If I were meeting with someone and I was trying to sell them some life insurance,
I did not fully understand exactly what they would need in the overall scope of their life and their life goals. But as a new rep, that wasn't your goal, which is bizarre! When you are a fresh baby financial representative, your goal is not necessarily about doing exactly what the client needs. Which sounds bizarre but hear me out.
It's not that you're going to be doing anything wrong by them because really what you're doing is you're selling them life insurance and I am a big proponent of everyone needing life insurance, even 19-year-olds. Now, there are ways to figure out what is the appropriate amount and they teach you those ways in your training. So by that logic, you're not doing anything wrong by them, technically because you are selling them a product that they do need, you are getting to a number that is realistic for them, but at the same time, you don't have the full scope of how it fits in the overall portfolio of this person.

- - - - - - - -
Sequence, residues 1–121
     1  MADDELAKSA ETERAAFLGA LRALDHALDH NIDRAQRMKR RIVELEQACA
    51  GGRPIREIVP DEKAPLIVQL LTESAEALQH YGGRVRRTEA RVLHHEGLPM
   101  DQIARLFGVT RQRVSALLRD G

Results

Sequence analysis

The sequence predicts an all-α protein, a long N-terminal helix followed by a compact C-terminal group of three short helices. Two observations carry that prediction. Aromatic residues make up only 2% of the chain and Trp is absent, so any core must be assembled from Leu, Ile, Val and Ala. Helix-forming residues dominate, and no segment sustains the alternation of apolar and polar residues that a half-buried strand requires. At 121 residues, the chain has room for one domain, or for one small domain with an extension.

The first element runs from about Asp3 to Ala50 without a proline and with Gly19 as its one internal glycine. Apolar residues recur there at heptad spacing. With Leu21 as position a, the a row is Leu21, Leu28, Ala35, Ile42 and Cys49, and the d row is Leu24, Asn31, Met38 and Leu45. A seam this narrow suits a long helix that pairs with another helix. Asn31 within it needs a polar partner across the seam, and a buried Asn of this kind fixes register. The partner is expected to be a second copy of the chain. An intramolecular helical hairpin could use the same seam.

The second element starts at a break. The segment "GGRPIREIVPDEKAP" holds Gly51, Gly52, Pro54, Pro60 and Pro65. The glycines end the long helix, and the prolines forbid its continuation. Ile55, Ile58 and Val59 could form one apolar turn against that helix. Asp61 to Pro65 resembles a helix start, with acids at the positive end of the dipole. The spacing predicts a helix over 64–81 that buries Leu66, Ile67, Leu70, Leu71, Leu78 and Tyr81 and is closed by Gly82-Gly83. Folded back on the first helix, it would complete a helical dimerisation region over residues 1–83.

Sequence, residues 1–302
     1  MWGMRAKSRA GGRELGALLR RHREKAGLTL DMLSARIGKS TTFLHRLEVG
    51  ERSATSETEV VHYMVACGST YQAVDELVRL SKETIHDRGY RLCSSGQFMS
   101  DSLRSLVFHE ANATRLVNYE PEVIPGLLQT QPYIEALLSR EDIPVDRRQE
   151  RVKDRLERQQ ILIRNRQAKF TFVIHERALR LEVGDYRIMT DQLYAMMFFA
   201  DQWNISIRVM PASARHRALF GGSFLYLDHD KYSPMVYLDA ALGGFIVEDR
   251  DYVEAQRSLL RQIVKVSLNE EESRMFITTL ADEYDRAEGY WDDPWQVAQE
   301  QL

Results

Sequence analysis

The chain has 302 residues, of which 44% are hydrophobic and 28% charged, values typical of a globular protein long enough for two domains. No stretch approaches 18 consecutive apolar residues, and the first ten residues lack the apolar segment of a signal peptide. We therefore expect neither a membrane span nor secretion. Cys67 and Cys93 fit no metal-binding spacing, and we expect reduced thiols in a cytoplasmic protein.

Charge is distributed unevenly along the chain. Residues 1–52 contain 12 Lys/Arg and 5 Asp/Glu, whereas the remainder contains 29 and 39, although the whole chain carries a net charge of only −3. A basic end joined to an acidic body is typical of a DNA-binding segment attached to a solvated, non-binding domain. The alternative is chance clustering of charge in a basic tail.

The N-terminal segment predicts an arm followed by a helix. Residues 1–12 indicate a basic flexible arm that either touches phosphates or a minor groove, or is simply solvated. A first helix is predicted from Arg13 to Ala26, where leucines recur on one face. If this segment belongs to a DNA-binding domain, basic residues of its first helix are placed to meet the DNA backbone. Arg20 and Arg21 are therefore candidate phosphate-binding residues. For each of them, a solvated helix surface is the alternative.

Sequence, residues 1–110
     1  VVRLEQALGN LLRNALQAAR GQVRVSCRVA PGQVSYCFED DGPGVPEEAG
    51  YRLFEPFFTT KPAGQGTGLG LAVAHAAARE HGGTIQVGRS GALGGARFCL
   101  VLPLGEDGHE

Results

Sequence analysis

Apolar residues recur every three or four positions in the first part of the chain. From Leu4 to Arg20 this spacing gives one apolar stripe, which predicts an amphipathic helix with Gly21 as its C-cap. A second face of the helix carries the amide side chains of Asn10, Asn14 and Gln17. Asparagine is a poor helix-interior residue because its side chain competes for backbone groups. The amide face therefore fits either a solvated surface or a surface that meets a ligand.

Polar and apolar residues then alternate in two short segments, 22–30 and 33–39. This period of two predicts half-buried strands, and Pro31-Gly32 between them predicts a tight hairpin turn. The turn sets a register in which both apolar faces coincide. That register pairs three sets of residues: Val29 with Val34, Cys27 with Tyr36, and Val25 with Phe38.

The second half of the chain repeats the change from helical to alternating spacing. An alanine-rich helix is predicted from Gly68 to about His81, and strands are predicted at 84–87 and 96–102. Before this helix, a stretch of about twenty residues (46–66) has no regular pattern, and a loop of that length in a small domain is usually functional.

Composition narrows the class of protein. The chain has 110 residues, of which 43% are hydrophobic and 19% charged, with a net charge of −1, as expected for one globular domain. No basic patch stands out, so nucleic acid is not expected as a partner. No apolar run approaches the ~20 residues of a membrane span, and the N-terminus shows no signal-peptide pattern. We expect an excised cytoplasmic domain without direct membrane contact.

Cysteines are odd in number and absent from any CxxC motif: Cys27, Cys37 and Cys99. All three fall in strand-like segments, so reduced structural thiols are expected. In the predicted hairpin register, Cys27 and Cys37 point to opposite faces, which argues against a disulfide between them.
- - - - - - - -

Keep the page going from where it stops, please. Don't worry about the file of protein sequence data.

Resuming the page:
To the company's credit, they emphasize the importance of working with a more experienced advisor. What that would look like is two people consulting with a potential client. This way, the new person could get the experience, they could see how the experienced advisor works, learn their tools, their tactics, but also learn the appropriate way to advise people on financial matters.
They certainly did encourage you to do that and I feel like that's probably one of the reasons why the initial training didn't go super deep into financial planning.
Because the whole name of the game in your first year of being a representative is to survive. It is to sell X amount of policies for you to survive and be successful. That's the only thing that you're meant to focus on and to focus on that, you need to bring in someone who is more experienced than you.